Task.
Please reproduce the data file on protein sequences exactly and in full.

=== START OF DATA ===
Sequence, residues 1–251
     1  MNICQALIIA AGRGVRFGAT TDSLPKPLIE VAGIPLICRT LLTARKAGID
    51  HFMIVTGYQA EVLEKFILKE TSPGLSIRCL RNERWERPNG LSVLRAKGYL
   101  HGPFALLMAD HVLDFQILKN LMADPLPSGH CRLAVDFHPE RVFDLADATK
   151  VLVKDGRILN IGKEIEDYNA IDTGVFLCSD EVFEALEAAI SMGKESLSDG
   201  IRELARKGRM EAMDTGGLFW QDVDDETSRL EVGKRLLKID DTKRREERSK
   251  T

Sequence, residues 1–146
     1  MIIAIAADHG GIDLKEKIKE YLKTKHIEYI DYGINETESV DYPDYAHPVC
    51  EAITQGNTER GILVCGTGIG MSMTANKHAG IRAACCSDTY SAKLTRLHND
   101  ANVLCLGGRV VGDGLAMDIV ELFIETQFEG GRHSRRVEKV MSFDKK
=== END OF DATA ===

Sequence, residues 1–251
     1  MNICQALIIA AGRGVRFGAT TDSLPKPLIE VAGIPLICRT LLTARKAGID
    51  HFMIVTGYQA EVLEKFILKE TSPGLSIRCL RNERWERPNG LSVLRAKGYL
   101  HGPFALLMAD HVLDFQILKN LMADPLPSGH CRLAVDFHPE RVFDLADATK
   151  VLVKDGRILN IGKEIEDYNA IDTGVFLCSD EVFEALEAAI SMGKESLSDG
   201  IRELARKGRM EAMDTGGLFW QDVDDETSRL EVGKRLLKID DTKRREERSK
   251  T

Sequence, residues 1–146
     1  MIIAIAADHG GIDLKEKIKE YLKTKHIEYI DYGINETESV DYPDYAHPVC
    51  EAITQGNTER GILVCGTGIG MSMTANKHAG IRAACCSDTY SAKLTRLHND
   101  ANVLCLGGRV VGDGLAMDIV ELFIETQFEG GRHSRRVEKV MSFDKK